The vets themselves were really good – the entire process has obviously changed in the current Lockdown, but it was all done as well as humanly possible.
As it is, I still feel like an absolute shitbag. I know it was the right thing to do, I know she wasn’t well and that this was the best (indeed, the only) way to do things that kept her life as good as possible. I know she wasn’t in pain, I know she had a really good eight years here with me, and I know the end wasn’t a vile experience. But I still hate being the one to make that life or death decision, it just doesn’t sit well with me.
I’m going to see now how the Bengal – a change-averse little twat at the best of times – handles things, as she’s never been a solo cat before. She’ll either do fine and accept it, or she’ll be a nightmare for a while.
All told, a shitty, shitty day.
In a similar vein to the previous post about things that might survive, I’ve thought a lot about the things I’ve actively missed in this time, as opposed to the things I just haven’t done.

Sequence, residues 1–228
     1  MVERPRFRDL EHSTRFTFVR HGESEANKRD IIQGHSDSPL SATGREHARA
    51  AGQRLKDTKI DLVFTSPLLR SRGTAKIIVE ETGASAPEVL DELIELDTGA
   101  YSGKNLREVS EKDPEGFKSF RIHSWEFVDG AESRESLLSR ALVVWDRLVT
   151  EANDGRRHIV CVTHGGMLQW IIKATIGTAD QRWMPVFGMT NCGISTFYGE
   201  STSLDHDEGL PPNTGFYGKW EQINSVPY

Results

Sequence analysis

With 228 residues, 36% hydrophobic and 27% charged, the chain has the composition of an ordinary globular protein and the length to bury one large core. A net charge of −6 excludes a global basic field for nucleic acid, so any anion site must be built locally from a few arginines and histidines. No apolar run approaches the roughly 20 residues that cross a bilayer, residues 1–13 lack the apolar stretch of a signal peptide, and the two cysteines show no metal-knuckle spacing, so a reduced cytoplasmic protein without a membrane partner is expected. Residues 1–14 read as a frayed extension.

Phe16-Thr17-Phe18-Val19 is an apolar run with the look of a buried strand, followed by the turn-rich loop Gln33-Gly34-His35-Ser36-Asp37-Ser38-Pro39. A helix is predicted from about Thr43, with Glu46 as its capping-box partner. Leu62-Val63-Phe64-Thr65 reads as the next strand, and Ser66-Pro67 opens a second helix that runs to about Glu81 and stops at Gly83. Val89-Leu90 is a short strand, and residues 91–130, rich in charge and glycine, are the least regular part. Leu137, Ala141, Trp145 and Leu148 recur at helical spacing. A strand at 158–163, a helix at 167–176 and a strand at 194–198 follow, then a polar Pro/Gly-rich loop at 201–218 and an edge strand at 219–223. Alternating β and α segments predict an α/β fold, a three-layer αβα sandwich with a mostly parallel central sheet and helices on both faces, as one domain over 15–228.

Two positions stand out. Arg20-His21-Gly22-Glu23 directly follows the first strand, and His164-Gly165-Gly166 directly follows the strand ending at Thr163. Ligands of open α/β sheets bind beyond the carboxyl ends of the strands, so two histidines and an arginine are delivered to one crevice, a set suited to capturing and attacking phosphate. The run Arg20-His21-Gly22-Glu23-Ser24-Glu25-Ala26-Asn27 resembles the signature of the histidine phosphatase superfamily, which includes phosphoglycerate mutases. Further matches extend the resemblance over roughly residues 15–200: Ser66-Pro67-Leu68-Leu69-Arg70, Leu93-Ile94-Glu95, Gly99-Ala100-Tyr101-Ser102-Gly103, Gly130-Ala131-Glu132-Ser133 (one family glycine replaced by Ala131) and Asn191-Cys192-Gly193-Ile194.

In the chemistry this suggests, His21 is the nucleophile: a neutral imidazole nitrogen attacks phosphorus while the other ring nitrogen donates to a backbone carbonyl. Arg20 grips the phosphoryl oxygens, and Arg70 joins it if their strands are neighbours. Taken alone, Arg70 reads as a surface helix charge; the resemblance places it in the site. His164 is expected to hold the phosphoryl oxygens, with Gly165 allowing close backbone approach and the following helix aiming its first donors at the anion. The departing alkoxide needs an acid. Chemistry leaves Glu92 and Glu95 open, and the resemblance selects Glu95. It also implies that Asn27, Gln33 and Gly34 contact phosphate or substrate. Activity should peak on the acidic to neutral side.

The list of things actually missed – the things I’ll look forward to being able to do again – is really quite short.
- Seeing films at the cinema
- Meals at my favourite places – with Mere being the key one I’ll be at as soon as they re-open
(There are a couple of other places I want to go back to, but Mere is the only one I’ve actively missed)
- Walking in London
And that’s it, really.
Of course there are other things I want to be able to go back to doing and so on, and I’ll enjoy life slowing going back to normal. It’ll be interesting to see how it all works out